Tropical Swell Alert – Hurricane Dolores breaks into the Socal Swell Window

Adam Wright
(Thursday) 7.16.15

We have tropical swell on the way!

Hurricane Dolores, a decent sized CAT-2 storm (recently downgraded from CAT-3), has just moved out of the swell-shadow cast by Central Baja and is in the process of swinging her swell-producing winds into the S-SE swell window of Southern California.

Dolores is currently moving WNW at about 7-8 mph and is still maintaining 105-mph sustained winds in the core with gusts topping out around 120+ mph at times. Currently she is starting to move toward cooler water, but since her relative movement speed is fairly slow it looks like she will have some decent time to set up new swell for later this upcoming weekend and early next week.

Like most tropical storms you have to look at the storm history, as well as the forecast, to get a solid idea on how much surf the system will produce. In the case of Dolores…she has been a fairly stable and good-sized storm since becoming a hurricane earlier this week. Unfortunately for Socal most of her development and intensification have been occurring closer to Mainland Mexico and Baja leaving her shadowed from Southern California. So while we have all been watching this big bad storm moving around down there…it really hasn’t become a swell generator for our region until she began to clear the shadow late Wednesday/early Thursday.

The good news is that the latest National Hurricane Center forecast has Dolores drifting further west while maintaining at least some of her current power. Eventually, over the next couple of days, she will begin to weaken, but at the same time will be swinging into a more NNW direction and parallel the Baja Mexico coast, bringing her closer to Socal. Generally storms that are weakening don’t generate the best surf, however in this case (as long as Dolores can keep wind on the water) her adjusted track may help to compensate for the gradual drop in intensity that we will see at the same time. All in all we should get at least a good 36-hours of prime swell development, but we may get a little extra ‘end of the run’ bonus if the storm can stay organized enough as she begins her trek NNW.

All of this info is great Adam…but what does this mean for our surf?

When you boil down all of the data that we currently have, and sprinkle it with the assumption that the storm is going to follow the latest forecast projections, it looks like we will see a nice sized tropical swell arriving this weekend. Friday and Saturday will both be rideable but won’t see much of the tropical swell from Dolores. (There are some background Southern Hemi swells, some local WNW-NW windswell, as well as some tropical energy from Enrique that will keep us surfing during the first part of the weekend).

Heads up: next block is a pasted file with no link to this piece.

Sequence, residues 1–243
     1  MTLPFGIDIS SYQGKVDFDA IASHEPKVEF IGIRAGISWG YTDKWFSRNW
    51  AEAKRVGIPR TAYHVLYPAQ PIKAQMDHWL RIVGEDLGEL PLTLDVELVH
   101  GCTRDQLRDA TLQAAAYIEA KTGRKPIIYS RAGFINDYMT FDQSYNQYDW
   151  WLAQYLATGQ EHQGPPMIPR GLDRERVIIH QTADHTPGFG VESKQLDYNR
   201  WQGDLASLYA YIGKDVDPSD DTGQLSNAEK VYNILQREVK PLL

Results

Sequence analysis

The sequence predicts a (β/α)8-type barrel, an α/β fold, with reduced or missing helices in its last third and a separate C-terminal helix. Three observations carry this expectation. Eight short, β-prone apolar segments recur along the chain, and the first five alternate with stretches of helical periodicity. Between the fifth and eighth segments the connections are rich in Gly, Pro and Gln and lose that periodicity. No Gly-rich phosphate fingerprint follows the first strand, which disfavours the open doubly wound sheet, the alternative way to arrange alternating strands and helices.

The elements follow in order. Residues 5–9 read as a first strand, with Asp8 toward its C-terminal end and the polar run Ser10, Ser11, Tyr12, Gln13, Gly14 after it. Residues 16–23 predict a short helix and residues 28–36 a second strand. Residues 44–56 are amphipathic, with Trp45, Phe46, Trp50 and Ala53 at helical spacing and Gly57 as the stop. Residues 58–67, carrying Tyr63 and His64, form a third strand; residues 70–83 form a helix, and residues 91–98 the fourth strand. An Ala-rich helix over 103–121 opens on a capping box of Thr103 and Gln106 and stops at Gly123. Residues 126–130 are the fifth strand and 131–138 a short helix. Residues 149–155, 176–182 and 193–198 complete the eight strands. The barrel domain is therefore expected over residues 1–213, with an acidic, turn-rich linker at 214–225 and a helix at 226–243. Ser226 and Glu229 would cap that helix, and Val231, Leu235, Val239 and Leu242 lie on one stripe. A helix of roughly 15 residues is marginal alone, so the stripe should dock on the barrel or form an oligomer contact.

The main tropical swell will begin to arrive on Sunday, July 19, and will peak later Sunday afternoon with the bulk of the energy holding over into Monday, July 20, before it starts to gradually back down. It is worth noting that the initial portion of the swell will track in from the SE (155-165) as it first starts to arrive on Sunday, but that we will see it slowly shift more to the S (170-190) as the storm tracks further westward. This means that you may have to hunt a little more for good SE exposed spots if you are looking for bigger waves at the start of this tropical swell, eventually it will start to include more traditional S facing beaches, but we may not see those kick in until later Sunday evening and on into Monday.

Sizewise we still need to stay a little conservative, partly because of the steeper SE swell angle and also due to the fact that the storm is still very close to the swell shadow, so much of the trailing winds and the full wind-field of the storm haven’t totally cleared Baja. As of right now I am expecting the average SE exposed spots to see consistent shoulder-head high surf with some overhead+ sets mixing in while the swell peaks. The standout SE facing spots, mostly the really good tropical breaks, will have more consistent head-high to overhead+ surf with sets going at least a couple of feet overhead (with the potential for bigger sets). The S facing spots will be a bit smaller on Sunday…staying mostly below head high…but we should see those jump up into the overhead-overhead+ range by Sunday night, with the majority of their surf hitting on Monday.

Overall Dolores is looking like a pretty good swell-maker…she won’t be out of control big but she will liven things up around the S-SE facing spots in our region. One thing that we will want to keep in mind is that with Dolores getting so close to Socal we will see our heat/humidity spike way up as bits of the storm start to swamp our area and if we are really unlucky we may see some rain and thunderstorms move through as well. Make sure to read the daily forecasts for the latest info on the Dolores swell as we move into the weekend. Happy Hunting!

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  • stop

    1-”and if we are really unlucky we may see some rain and thunderstorms move through as well” — we need rainnnn, i surf when it rains

    2- wher ehav eu been adam????????

    • http://www.solspot.com/ Adam Wright

      I wasn’t too worried about the rain…I was more concerned about potential lightning, it is hard to surf when you have been BBQ’d.

      I’m still here, just working on some stuff behind the scenes right now, hoping to get back to the forecasting full time in the future.

      • stop

        how about the next against the grain pure south swell wel get that south america gets all of it? followed by that SW swell. that SW swell should be 4-6 in oc, right? its pretty high latitutde, actually theres the first real under aus, new zealander then it reforms , so its double the southwest

        peak of dolares hits sunday night!